The distinction between sales hunters and sales farmers is considered somewhat outdated these days, but when people want to hire a sales hunter, they generally mean someone who can prospect and generate leads – often through cold calls – and close deals. Hiring a sales farmer, on the other hand, generally means someone who can manage and grow existing accounts.
There are a lot of opinions out there on what makes a good sales hunter vs. a sales farmer. Let’s take a look at what the data tell us instead.
Promotion focus vs. prevention focus
Professors DeCarlo and Lam examined the personality differences between sales hunters and farmers. Specifically, they looked at whether salespeople were primarily motivated by a promotion focus (motivated to achieve a gain) or a prevention focus (motivated to avoid a loss).
Featured in the Harvard Business Review, research by Halvorson and Higgins nicely outline the differences between a promotion focus vs. a prevention focus.
Promotion focus: Pros
- work quickly
- creative – great at brainstorming
- open to new opportunities and ideas
- willing to take risks
Promotion focus: Cons
- lose steam without positive feedback
- make more mistakes
- unprepared when things go wrong
Prevention focus: Pros
- work deliberately and carefully
- tend to be more accurate
- prepared for the worst
- excellent analytical and problem-solving skills
Prevention focus: Cons
- work slowly
- stressed by tight deadlines
- stick to tried-and-true methods – try to maintain status quo
What motivates sales hunters and sales farmers?
DeCarlo and Lam found promotion-focused salespeople were more likely to be sales hunters, whereas prevention-focused salespeople were more likely to be sales farmers.
One of the most useful insights from this research was that salespeople who could switch between a promotion focus and a prevention focus based on the selling context generated the most revenue.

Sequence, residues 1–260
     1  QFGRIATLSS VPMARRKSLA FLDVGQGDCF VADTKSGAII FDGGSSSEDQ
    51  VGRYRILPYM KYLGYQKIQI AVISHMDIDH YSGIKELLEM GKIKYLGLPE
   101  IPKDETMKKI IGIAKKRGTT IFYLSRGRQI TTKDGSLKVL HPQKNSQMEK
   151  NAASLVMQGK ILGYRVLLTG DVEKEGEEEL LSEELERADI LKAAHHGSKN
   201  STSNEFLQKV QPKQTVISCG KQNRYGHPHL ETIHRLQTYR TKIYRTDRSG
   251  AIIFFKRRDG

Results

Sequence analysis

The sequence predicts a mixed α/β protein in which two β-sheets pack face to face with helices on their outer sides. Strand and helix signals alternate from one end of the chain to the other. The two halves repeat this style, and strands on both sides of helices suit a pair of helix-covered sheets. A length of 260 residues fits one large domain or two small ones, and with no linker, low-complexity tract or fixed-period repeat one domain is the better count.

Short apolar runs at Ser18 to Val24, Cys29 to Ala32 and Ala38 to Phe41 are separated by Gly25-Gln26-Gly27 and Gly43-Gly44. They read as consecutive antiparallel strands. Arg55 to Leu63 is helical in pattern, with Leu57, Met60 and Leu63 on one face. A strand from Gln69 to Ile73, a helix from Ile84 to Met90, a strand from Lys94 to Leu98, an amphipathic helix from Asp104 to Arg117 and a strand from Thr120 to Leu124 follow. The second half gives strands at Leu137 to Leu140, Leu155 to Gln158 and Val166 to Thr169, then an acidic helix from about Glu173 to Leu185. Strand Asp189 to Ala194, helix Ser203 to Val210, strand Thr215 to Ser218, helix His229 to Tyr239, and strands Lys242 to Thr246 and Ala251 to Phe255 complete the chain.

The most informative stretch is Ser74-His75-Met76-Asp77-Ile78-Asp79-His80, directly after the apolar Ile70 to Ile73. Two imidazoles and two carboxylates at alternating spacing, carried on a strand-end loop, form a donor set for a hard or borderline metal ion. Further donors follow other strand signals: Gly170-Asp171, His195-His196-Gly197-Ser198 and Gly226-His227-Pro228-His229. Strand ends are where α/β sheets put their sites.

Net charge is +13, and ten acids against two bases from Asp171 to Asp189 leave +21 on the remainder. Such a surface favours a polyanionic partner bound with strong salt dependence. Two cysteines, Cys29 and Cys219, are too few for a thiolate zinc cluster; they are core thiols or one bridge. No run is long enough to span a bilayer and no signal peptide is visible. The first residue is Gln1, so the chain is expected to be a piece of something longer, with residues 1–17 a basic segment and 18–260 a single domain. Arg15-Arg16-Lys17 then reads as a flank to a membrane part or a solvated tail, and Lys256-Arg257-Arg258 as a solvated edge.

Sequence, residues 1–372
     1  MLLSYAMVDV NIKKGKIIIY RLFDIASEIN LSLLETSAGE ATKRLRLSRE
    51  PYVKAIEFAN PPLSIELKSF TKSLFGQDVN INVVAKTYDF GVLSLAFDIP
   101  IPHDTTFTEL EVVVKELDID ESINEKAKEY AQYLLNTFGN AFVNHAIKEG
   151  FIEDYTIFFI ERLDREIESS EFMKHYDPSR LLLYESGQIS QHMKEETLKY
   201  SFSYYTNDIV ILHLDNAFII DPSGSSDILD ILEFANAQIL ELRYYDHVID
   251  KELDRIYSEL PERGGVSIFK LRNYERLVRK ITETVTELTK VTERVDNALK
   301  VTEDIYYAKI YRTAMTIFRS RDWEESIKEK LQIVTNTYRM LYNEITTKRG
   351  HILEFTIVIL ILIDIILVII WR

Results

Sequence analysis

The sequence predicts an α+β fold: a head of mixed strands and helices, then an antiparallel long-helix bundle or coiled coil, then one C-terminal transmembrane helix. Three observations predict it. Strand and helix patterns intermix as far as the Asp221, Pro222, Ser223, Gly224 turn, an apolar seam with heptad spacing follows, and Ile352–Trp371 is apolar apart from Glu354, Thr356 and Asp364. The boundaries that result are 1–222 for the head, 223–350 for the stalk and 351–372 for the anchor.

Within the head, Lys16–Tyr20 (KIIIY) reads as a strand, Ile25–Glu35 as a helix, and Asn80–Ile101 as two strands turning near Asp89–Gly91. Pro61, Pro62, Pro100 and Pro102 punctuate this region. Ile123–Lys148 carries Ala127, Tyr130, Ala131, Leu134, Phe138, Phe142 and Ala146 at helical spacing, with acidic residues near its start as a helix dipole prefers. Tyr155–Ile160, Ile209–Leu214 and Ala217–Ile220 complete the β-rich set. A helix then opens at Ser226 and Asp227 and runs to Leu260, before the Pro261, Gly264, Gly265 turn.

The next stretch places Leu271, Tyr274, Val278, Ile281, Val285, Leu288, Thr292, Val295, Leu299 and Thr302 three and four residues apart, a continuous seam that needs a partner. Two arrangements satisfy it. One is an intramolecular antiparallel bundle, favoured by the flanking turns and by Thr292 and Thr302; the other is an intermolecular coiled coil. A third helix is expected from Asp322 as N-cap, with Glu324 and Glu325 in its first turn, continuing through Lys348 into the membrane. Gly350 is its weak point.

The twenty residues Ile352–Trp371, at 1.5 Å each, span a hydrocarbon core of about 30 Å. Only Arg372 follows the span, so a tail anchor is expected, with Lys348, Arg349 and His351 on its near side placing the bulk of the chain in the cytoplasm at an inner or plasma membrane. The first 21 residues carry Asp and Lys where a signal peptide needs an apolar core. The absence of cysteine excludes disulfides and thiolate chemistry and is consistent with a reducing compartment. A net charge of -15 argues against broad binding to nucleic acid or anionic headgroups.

Furthermore, the researchers found that sales leadership could encourage either a promotion or prevention focus in their salespeople by incentivizing gaining a win vs. avoiding a loss.
Another study by Honeycutt and colleagues found that sales hunters were most likely to leave a company due to compensation whereas sales farmers were more likely to leave due to long hours or a lack of advancement opportunities. Interestingly, sales farmers were also more likely to quit because of a long commute.
People are primarily motivated by promotion (getting a win) or prevention (avoiding a loss). Understanding someone’s dominant motivation can help you accurately identify what you should look for when hiring sales hunters (promotion-focused) vs. sales farmers (prevention-focused).
In practice, the distinction between a sales hunter and a sales farmer isn’t clearcut: a hunter still needs to be adept at building and managing relationships whereas a farmer still needs to be able to capitalize on new opportunities within existing accounts. And when you’re hiring salespeople for a startup, you don’t always have the luxury of making that distinction: often, you need to hire generalists (i.e., full-cycle salespeople).
How do you hire a sales hunter vs. a sales farmer? Share your insights in the comments.
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